Assume this simple contract:

pragma solidity 0.6.3;

contract InvalidOpcode {

    enum Dir {UP, LEFT, DOWN, RIGHT}
    Dir public currentDir;

    function changeDir(Dir newDir) public {
        require(uint8(newDir) <= uint8(Dir.RIGHT), "Out of range");
        currentDir = newDir;


The exposed interface of the function accepts an uint8 as argument. When run on Remix with a value of 4 (or greater) as the input, the tx will throw with this error:

transact to EnumTest.changeDir errored: VM error: invalid opcode.
invalid opcode  
    The execution might have thrown.
    Debug the transaction to get more information. 

Debugging reveals that the require statement is not reached (and is thus useless). The invalid opcode occurs while accesing the argument. The debugger shows the local variable newDir: INVALID_ENUM<4> enum. I think the transaction then throws and stops using gas, but I am not sure!

When I run the same thing in a truffle environment, the transaction will exit with status 0. truffleAssert.fails(instance.changeDir(4),"status 0") will catch it, but all gas will be consumed in the transaction! From what I know, it is not possible to debug further (on opcode level) in truffle.

My questions are:

  1. Does this transaction indeed consume all gas?
  2. If so, is there a way to prevent this?
  3. Is there a way to revert the transaction with a meaningful message?
  4. What is the best practice to expose an Enum argument to the public interface?


One way to potentially solve the problem is to change the argument to an uint8:

contract FixedInvalidOpcode {

    enum Dir {UP, LEFT, DOWN, RIGHT}
    Dir public currentDir;

    function changeDir(uint8 newDir) public {
        require(newDir <= uint8(Dir.RIGHT), "Out of range");
        currentDir = Dir(newDir);


This behaves as expected. But is the type conversion Dir(newDir) safe and is this the recommended way to expose the function?

I would still like to get into what is happening if an enum is directly exposed to the interface and if that is something that can be improved in the compiler. In my opinion, the first contract above should revert with a failing assert.

2 Answers 2


enum Dir {UP, LEFT, DOWN, RIGHT} corresponds to uint8 values 0, 1, 2 and 3.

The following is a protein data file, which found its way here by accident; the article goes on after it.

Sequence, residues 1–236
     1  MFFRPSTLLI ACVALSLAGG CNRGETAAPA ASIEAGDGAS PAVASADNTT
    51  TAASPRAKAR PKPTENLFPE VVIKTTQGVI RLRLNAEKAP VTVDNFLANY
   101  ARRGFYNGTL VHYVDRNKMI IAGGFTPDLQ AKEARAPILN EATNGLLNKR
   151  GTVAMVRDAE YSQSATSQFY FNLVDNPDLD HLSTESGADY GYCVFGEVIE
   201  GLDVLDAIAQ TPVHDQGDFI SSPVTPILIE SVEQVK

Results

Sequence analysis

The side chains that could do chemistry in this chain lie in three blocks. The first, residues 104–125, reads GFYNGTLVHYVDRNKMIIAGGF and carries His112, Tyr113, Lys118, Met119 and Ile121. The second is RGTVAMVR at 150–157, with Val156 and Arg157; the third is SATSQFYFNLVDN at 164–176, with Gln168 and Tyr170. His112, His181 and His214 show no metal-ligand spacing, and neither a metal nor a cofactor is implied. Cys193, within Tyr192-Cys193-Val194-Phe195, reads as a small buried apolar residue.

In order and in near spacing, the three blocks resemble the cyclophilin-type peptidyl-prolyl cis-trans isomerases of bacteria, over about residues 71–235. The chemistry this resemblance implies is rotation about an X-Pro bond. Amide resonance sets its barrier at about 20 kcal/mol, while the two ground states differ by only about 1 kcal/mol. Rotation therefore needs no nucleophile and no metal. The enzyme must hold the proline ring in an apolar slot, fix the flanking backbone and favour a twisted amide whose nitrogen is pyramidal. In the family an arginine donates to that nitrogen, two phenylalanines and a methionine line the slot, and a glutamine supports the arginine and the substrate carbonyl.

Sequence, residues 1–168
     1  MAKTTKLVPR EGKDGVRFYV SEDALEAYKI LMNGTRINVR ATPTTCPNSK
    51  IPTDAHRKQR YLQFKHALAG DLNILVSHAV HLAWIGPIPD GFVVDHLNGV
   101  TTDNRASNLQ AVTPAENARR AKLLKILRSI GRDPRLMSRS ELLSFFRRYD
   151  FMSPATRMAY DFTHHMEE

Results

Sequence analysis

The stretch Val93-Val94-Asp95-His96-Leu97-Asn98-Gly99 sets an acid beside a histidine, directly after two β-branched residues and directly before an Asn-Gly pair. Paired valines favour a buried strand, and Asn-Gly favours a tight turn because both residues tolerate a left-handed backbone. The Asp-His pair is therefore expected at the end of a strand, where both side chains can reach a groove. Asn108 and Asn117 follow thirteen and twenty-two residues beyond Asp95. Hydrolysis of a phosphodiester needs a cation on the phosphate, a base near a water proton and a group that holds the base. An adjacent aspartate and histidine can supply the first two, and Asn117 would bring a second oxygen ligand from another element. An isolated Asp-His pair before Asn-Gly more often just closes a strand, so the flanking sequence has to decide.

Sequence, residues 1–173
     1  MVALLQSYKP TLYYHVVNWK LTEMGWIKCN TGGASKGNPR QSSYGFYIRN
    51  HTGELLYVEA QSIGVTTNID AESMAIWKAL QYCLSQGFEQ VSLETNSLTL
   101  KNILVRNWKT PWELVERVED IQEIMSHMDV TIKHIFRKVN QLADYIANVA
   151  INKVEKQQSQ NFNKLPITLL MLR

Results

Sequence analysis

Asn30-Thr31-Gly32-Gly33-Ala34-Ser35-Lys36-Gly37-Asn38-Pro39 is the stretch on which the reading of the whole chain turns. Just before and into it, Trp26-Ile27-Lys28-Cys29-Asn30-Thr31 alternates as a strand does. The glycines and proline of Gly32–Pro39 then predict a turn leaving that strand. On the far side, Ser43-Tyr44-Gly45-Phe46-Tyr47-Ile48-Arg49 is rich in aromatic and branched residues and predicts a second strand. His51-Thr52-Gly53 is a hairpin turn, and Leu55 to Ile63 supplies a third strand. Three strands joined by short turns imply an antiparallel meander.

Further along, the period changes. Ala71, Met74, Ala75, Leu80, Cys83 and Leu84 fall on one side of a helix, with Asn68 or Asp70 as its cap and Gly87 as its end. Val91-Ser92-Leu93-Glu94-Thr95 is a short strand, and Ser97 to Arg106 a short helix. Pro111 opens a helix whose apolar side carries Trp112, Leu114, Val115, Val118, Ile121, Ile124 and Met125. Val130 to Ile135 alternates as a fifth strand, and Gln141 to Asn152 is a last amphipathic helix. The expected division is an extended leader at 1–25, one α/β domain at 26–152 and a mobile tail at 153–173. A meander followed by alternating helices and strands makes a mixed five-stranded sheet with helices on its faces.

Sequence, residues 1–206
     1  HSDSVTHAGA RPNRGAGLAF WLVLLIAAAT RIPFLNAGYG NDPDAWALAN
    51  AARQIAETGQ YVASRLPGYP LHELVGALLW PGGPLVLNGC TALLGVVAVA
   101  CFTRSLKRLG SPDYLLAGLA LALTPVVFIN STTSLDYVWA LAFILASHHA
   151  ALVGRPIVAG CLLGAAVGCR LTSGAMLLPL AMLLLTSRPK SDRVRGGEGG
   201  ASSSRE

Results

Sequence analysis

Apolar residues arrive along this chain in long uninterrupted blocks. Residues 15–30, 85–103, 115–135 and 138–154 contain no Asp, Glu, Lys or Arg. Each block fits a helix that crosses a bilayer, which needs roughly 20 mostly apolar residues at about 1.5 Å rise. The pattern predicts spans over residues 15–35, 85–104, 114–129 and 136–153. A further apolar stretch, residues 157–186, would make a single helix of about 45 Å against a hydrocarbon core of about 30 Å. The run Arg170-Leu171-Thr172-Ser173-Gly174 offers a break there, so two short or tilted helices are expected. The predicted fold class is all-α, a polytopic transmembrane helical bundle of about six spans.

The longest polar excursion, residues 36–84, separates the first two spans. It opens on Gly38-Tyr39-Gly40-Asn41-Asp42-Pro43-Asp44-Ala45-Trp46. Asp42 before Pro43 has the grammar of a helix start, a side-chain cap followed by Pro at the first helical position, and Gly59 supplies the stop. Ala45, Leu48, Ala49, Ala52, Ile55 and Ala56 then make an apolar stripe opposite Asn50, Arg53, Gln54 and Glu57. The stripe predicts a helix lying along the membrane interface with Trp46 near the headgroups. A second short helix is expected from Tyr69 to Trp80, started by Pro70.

This explains why passing a value greater than 3 should cause some form of error.

That said, require(false condition) returns REVERT opcode, not INVALID opcode.

The latter is typically the result of either one of the following:

  • assert(x) where x evaluates to false
  • arr[i], where i >= arr.length

Perhaps solc 0.6.x handles illegal enum values in the same manner.

I would sincerely doubt that, because REVERT opcode (require/revert) is logically designated for incorrect user input, while INVALID opcode (assert) is not.

So I recommend that you check if the error is not due to something outside of your contract (for example, something in your Remix setup).


OK, it seems to be the case even in older compiler versions (tested 0.4.21).

Here is the relevant assembly code:

      0x3     // maximum permitted value
      dup2    // load to register
      gt      // check greater than
      iszero  // if not, then ...
      jumpi   // ... jump to the tag (skip the next instruction)
      invalid // trigger INVALID opcode

The good news on your side are that since the compiler handles illegal enum values, you can safely remove the require statement, because this verification is implicitly conducted for you at the very beginning of the function.

  • I agree with your assessment! I used a fresh remix environment and put nothing more than the code pasted above in there. It should be very easy to replicate.
    – Newti
    Mar 5, 2020 at 11:07
  • @Newti: Check to see if it works fine when you downgrade to solc 0.4.25 for example. Mar 5, 2020 at 11:17
  • 1
    @Newti: And BTW, if solc 0.6.x indeed handles illegal enum values, then it means that you can safely remove the require statement, as this verification is implicitly conducted for you. I find it odd that those guys at solc would use INVALID instead of REVERT, because it essentially means that the caller would pay more gas (plus, INVALID opcode is not designated for incorrect user input, while REVERT opcode is designated exactly for that). Mar 5, 2020 at 11:22
  • I tested with a few older solc versions (including 0.4.25) and got the same INVALID opcode every time. I agree that it should REVERT instead. Letting the compiler handle it (and removing the require) sounds like the cleaner solution than converting ints to enums. So the question now is why solc does not use REVERT...
    – Newti
    Mar 5, 2020 at 11:29
  • @Newti: I'm pretty sure that solc 0.4.x does not apply this assertion on enum values, and if I'm right, then it implies that the INVALID opcode is due to something else in your code or in your setup. I don't see anything that could trigger this error in the code, so I suspect that this issue is related to your setup. Mar 5, 2020 at 11:40

Enum can be safely used as an input to external functions, but (as discussed earlier) throws panic instead of error if the uint8 value is out of scope.

You can take a look into docs https://docs.soliditylang.org/en/v0.8.8/control-structures.html?highlight=panic%20error#panic-via-assert-and-error-via-require and find out that 0x21 error code is dedicated to enum conversions.

From one point of view, it's an input issue, from another it is us trying to convert a value to enum that is out of scope. That is probably the reason why it's not considered an input issue.

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